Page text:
I am a PUMA today for the exact same reason I went looking to become something that didn’t yet exist on May 31, 2008; I object to the manner in which Barack Obama became my president. And nothing I’ve seen before or since has mitigated that essential truth in the slightest, in fact, the more I see of the way he operates, the more upset I get. Barack Obama offends my sense of fair play. From what I’ve been able to determine through my research of him, he has pushed the against “da roolz” envelope in every contested election he’s won. Though he cannot be accused of outright cheating, he has built his entire pseudo-impressive career out of finding obscure loopholes to screw to his orgasm, thereby raping the process to his pleasure and advantage.
As has been extensively chronicled, in 1996, Obama won his first election to the Illinois Senate by contesting the voting petition signatures gathered for all of his challengers, getting them all disqualified, and running unopposed. Before he could complete his second term of office, after winning re-election in 1998 over African American Republican Yesse Yehudah (whose name later emerged in Obama bribery allegations) he mounted a disastrous 2000 campaign for sitting Congressman Bobby Rush‘s seat, who beat the pants off him like he was a red-headed stepchild, by playing his “my black card on the table trumps the Uppity Magic Negro card up your sleeve.” It worked, and Obama never let that happen again.
Given Illinois’ convoluted system regarding Senate terms…
Every Senate district elects its members to serve two four-year terms and one two-year term per decade.
…and Obama’s predilection for reticence, the details regarding his Illinois Senate runs are rather sketchy. However, considering that his opponent in 1998, Yehuda, won approx. 10% of the vote, and that in 2002 he ran unopposed, its safe to assume that, for some reason, Obama’s re-elections were basically a rubber-stamp formality. Curiously, Wikipedia mentions that Obama was re-elected to the Illinois senate in 2002, presumably in November, yet numerous sources report that he had already begun preparing for a run at the U.S. Senate by June of that year. From the Boston Globe:
In mid-2002, Obama began to focus on the upcoming US Senate race. The incumbent, Republican Peter Fitzgerald, seemed beatable, and it was not clear Carol Moseley Braun, who had held the seat before Fitzgerald, would try to reclaim it. Obama and his wife made a deal: This would be, as his wife puts it now, “the last hurrah.”
And, from a Chicago Maroon piece written July 12, 2002:
Democratic State Senator and University Law School Senior Lecturer Barack Obama has begun assessing his chances in the 2004 US senate race. Obama has commissioned a statewide poll by the Colorado firm Harstad Strategic Research, and he has filed for federal permission to begin fundraising. Obama will have to win the democratic primary in order to face incumbent Republican Senator Peter Fitzgerald in ’04.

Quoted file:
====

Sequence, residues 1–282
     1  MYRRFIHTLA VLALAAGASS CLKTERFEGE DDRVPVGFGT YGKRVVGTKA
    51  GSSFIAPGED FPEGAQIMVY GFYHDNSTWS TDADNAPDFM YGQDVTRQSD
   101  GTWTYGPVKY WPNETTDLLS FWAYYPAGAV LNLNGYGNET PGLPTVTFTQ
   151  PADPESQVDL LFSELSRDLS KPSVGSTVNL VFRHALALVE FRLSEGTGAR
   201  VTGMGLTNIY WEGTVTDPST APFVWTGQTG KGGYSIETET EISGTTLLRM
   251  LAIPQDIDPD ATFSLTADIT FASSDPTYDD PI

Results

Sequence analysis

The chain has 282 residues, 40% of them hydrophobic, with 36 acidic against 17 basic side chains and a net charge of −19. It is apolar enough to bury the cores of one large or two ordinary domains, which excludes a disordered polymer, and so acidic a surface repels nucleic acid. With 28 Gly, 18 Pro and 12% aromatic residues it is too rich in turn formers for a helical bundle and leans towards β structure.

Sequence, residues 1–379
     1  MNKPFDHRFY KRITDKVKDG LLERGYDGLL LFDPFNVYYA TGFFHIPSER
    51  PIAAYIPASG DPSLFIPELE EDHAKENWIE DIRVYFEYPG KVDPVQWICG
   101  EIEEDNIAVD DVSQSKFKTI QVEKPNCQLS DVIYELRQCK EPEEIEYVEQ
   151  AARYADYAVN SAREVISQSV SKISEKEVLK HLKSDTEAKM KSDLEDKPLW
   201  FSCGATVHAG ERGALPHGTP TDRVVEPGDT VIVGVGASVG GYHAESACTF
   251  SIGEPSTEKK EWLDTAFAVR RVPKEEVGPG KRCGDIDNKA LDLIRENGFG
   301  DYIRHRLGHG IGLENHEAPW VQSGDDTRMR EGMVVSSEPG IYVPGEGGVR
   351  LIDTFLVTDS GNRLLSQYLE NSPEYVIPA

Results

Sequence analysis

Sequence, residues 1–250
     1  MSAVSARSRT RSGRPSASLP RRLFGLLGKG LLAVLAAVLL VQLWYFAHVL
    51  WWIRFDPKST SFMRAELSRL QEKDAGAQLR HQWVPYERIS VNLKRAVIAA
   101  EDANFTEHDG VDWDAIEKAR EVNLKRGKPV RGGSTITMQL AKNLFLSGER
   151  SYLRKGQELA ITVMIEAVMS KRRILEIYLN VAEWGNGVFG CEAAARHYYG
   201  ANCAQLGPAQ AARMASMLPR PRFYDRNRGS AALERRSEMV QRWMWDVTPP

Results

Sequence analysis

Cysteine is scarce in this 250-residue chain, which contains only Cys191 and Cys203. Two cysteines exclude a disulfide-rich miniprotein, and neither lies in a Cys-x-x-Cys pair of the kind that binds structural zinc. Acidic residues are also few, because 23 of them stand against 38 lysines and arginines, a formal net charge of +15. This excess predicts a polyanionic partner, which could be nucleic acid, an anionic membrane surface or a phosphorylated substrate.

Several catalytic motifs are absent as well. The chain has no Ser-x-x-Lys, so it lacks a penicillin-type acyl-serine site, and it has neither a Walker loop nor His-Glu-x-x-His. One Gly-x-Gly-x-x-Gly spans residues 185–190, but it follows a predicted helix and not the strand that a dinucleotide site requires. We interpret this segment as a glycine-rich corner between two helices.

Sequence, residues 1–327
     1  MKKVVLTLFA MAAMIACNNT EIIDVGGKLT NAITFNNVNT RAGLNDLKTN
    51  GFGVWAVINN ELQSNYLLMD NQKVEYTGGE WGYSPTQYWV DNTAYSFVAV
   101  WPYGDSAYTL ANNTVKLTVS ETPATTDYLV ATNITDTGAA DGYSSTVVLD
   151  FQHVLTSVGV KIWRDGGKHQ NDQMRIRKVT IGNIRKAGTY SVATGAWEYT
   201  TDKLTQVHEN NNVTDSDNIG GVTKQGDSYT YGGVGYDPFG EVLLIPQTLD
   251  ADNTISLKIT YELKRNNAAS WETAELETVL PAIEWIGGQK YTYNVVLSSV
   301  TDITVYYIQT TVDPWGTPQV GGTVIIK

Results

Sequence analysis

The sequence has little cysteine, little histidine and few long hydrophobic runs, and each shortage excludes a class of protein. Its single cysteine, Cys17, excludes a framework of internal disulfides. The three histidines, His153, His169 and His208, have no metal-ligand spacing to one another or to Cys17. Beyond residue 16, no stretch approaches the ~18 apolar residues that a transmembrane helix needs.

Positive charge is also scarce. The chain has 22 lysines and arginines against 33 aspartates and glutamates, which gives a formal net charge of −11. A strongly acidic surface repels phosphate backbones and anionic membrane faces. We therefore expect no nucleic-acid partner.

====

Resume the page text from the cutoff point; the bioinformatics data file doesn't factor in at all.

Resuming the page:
Note the article from 2002 refers to Obama as a “Senior Lecturer” not “professor,” as he has claimed to be; a claim which was backed up, but “nuanced” (their word, not mine) by Fact Check.org via the University of Chicago. Another example of Obama’s fondness for “nuance”regards his now, much bally-hooed, then, largely ignored, unfilmed, 2002 Iraq war speech:
“My objections to the war in Iraq were not simply a speech,” Obama said. “I was in the midst of a U.S. Senate campaign. It was a high-stakes campaign. I was one of the most vocal opponents of the war.” (Obama delivered the speech in October 2002; he did not officially declare his candidacy for the U.S. Senate until January).
Even in this era of YouTube and camera phones, a recording of Obama’s speech is all but impossible to find. The Obama campaign has gone so far as to re-create portions of the speech for a television ad, with the candidate re-reading the text, with audience sound effects.
So, according to the above article from NPR, this cornerstone and centerpiece of Obama’s presidential campaign was actually an insignificant speech delivered to about 1,000 people by a little known guy running unopposed for the state Senate, at somebody else’s (Jesse Jackson) rally. Even Obama’s campaign manager, David Axelrod, has admitted as much. Quoted in the New York Times Caucus blog lamenting the lack of recorded Iraq war speech material:
“I would kill for that,” he was quoted as saying. “No one realized at the time that it would be a historic thing.”
Similar “nuance” marks the man’s entire biography, yet he has somehow managed to create the illusion of transparency. When David Axelrod joined (became) Obama’s team in 2004, the elements of Obama’s new, “I am, too, black enough, but not too black, just short of under-handed envelope pushing” political philosophy began to successfully knit themselves together. On his AKP&D Message and Media website, “the Axe” takes his full share of credit:
In 2004, Axelrod helped State Senator Barack Obama score a landslide win in his U.S. Senate campaign, developing a message and media strategy that enabled Obama to defeat six opponents in the Democratic primary with an astounding 53% of the vote. He is currently serving as media advisor to Obama’s presidential campaign.
Filed under: Barack Obama, Hillary Clinton, Politics | Tagged: Alan Keyes, Beta Males, Blair Hull, Bobby Rush, Carol Moseley Braun, Christopher Moore, David Axelrod, Democrat for a Day, DNC, Donna Brazile, Florida, Jack Ryan, Mel Reynolds, Michigan, PUMA, rod blagojevich, uncommitted, West Wing, Yesse Yehuda | 221 Comments »